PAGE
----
The fourteenth: Likewise, he behaves as a chief bent on conquering and robbing what he desires: for, as a captain and chief of the army, pitching his camp, and looking at the forces or defences of a stronghold, attacks it on the weakest side, in like manner the enemy of human nature, roaming about, looks in turn at all our virtues, theological, cardinal and moral; and where he finds us weakest and most in need for our eternal salvation, there he attacks us and aims at taking us.
St. Ignatius of Loyola – Fr. James Martin and the Holy Father on the life and influence of St. Ignatius of Loyola
ADDRESS OF HIS HOLINESS BENEDICT XVI
TO THE FATHERS AND BROTHERS OF THE SOCIETY OF JESUS
Dear Fathers and Brothers of the Society of Jesus,
I meet you with great joy in this historical Basilica of St Peter’s after the Holy Mass celebrated for you by Cardinal Angelo Sodano, my Secretary of State, on the occasion of combined jubilees of the Ignatian Family. I address my cordial greeting to you all.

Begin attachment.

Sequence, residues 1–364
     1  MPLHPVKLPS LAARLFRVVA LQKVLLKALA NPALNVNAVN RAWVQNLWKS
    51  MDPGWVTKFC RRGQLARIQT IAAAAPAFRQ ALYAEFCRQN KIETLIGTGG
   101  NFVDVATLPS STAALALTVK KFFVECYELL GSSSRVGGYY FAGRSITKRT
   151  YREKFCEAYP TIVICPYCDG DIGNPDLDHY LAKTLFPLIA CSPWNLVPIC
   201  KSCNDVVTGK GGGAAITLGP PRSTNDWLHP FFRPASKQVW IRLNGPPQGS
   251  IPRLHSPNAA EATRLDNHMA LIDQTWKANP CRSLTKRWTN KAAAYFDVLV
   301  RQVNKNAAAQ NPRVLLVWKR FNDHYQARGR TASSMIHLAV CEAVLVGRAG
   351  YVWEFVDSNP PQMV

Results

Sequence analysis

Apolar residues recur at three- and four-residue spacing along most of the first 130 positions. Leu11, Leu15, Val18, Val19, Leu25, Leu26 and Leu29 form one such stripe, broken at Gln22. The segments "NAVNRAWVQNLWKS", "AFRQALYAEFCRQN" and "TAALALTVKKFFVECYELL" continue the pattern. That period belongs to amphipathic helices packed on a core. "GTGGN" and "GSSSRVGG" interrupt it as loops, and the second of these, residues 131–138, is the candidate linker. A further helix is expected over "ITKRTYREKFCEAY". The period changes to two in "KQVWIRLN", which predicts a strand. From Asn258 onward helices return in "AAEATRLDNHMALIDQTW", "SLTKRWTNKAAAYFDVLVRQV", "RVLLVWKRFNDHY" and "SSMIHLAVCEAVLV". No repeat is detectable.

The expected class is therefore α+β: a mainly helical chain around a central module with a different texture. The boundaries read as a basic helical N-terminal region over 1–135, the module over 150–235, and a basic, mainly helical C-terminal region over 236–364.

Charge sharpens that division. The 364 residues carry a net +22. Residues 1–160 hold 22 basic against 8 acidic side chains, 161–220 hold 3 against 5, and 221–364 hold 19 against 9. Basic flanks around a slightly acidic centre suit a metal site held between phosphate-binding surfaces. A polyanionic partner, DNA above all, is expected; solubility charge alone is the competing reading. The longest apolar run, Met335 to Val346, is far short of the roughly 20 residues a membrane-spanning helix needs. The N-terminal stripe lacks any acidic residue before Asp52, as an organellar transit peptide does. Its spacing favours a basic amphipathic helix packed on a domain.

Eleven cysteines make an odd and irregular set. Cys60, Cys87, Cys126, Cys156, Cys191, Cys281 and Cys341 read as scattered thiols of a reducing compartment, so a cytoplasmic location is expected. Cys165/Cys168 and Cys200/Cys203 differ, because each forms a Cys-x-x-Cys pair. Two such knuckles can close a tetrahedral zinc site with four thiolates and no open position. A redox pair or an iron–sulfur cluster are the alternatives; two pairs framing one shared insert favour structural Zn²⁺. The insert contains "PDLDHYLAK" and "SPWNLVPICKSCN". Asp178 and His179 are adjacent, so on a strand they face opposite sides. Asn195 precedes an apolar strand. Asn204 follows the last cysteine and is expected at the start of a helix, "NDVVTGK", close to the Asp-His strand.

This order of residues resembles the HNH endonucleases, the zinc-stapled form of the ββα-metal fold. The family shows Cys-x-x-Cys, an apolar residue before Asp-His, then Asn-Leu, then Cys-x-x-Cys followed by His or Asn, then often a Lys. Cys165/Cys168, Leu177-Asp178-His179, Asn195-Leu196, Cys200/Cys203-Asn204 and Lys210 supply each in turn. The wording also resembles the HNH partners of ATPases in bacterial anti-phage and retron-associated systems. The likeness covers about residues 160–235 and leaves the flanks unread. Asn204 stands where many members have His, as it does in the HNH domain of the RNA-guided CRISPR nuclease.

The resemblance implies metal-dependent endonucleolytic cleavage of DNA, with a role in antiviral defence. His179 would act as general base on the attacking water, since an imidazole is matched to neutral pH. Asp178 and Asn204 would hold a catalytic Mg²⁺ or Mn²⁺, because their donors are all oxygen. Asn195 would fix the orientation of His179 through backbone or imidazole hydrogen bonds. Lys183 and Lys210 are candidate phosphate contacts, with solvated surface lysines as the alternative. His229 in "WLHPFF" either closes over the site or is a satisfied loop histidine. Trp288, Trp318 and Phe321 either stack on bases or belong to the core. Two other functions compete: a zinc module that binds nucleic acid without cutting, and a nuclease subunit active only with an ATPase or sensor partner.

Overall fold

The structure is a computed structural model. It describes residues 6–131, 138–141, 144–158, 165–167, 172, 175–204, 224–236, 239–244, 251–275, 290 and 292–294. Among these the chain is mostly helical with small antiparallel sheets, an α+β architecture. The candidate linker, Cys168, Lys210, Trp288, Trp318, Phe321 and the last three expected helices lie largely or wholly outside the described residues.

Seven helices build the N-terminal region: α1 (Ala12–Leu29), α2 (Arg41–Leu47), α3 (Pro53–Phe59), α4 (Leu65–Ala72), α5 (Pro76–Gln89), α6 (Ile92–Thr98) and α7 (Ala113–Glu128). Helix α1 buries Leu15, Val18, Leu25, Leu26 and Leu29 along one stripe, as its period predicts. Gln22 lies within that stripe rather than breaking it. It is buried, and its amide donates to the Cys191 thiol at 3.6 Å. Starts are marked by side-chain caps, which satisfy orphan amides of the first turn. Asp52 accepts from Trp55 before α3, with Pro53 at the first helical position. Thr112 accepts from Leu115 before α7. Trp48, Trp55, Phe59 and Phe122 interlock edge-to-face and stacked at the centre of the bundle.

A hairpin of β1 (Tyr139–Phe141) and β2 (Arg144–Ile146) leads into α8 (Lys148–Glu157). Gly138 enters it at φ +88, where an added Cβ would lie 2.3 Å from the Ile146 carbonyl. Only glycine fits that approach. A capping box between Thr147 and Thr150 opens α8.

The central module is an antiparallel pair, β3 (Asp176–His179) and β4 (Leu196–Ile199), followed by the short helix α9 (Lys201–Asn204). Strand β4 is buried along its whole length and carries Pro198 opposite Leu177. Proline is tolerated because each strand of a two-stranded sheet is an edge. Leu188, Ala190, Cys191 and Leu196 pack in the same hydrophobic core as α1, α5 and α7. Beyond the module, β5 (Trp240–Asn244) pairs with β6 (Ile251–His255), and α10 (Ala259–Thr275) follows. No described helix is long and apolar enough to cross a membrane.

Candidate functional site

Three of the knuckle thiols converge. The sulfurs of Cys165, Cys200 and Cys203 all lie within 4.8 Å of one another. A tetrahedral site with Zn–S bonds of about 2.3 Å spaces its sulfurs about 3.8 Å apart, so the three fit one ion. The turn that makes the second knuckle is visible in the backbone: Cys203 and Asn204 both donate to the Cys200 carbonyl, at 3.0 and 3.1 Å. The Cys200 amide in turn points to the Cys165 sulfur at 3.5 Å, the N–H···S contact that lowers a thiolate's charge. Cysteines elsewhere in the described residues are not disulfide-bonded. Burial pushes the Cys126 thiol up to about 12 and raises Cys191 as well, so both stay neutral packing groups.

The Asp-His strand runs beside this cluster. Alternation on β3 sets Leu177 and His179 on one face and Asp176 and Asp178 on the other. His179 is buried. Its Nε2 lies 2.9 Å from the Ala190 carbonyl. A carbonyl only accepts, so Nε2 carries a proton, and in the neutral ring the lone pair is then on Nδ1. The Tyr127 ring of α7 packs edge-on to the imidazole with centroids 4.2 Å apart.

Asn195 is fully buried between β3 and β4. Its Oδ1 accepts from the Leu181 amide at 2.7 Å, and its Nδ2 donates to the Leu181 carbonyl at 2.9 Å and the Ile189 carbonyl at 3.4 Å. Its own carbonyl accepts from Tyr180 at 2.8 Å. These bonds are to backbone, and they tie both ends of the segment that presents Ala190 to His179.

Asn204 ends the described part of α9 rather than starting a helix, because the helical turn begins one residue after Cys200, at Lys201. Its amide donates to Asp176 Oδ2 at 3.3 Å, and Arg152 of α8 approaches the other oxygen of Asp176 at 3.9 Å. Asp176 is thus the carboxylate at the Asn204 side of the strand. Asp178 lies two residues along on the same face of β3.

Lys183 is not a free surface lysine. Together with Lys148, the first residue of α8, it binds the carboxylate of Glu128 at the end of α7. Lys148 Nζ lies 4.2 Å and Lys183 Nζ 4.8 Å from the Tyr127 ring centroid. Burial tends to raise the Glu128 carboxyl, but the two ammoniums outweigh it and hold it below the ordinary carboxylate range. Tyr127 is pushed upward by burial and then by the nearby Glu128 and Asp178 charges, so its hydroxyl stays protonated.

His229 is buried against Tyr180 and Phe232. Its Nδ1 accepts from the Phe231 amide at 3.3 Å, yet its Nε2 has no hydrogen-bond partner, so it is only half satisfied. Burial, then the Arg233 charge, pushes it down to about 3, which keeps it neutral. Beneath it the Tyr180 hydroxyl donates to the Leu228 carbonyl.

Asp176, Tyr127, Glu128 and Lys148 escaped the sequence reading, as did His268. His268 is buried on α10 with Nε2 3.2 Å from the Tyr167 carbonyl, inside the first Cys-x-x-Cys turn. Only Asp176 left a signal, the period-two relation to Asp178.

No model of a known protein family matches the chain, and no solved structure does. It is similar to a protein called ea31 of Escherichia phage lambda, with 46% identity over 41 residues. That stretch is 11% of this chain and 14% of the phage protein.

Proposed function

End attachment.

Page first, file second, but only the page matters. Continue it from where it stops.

I greet in the first place the Superior General, Fr Peter-Hans Kolvenbach, and thank him for his courteous words expressing your common sentiments to me. I greet the Cardinals with the Bishops and priests and all those who have desired to participate in this event.
Together with the Fathers and Brothers, I also greet the friends of the Society of Jesus present here, and among them, the many men and women religious, members of the Communities of Christian Life and of the Apostolate of Prayer, the students and alumnae with their families from Rome, from Italy and from Stonyhurst in England, the teachers and students of the academic institutions and the many collaborators.
Your visit today gives me the opportunity to thank the Lord with you for having granted your Society the gift of men of extraordinary holiness and exceptional apostolic zeal, such as St Ignatius of Loyola, St Francis Xavier and Bl. Peter Faber. For you they are the Fathers and Founders: it is therefore appropriate that in this centenary year you commemorate them with gratitude and look to them as enlightened and reliable guides on your spiritual journey and in your apostolic activities.
St Ignatius of Loyola was first and foremost a man of God who in his life put God, his greatest glory and his greatest service, first. He was a profoundly prayerful man for whom the daily celebration of the Eucharist was the heart and crowning point of his day.